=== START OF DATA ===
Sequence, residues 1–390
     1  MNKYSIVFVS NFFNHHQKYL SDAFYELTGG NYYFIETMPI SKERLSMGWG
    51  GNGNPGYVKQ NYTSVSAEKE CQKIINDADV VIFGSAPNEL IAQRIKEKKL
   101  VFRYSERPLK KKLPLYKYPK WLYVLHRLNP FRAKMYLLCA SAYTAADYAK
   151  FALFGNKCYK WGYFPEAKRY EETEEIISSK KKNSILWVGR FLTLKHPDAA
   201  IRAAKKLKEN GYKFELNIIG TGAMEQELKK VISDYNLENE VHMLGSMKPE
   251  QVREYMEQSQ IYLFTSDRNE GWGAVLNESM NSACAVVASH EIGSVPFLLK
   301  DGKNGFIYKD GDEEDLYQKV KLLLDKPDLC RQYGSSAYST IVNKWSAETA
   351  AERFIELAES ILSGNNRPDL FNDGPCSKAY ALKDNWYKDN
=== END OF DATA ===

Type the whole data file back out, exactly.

Sequence, residues 1–390
     1  MNKYSIVFVS NFFNHHQKYL SDAFYELTGG NYYFIETMPI SKERLSMGWG
    51  GNGNPGYVKQ NYTSVSAEKE CQKIINDADV VIFGSAPNEL IAQRIKEKKL
   101  VFRYSERPLK KKLPLYKYPK WLYVLHRLNP FRAKMYLLCA SAYTAADYAK
   151  FALFGNKCYK WGYFPEAKRY EETEEIISSK KKNSILWVGR FLTLKHPDAA
   201  IRAAKKLKEN GYKFELNIIG TGAMEQELKK VISDYNLENE VHMLGSMKPE
   251  QVREYMEQSQ IYLFTSDRNE GWGAVLNESM NSACAVVASH EIGSVPFLLK
   301  DGKNGFIYKD GDEEDLYQKV KLLLDKPDLC RQYGSSAYST IVNKWSAETA
   351  AERFIELAES ILSGNNRPDL FNDGPCSKAY ALKDNWYKDN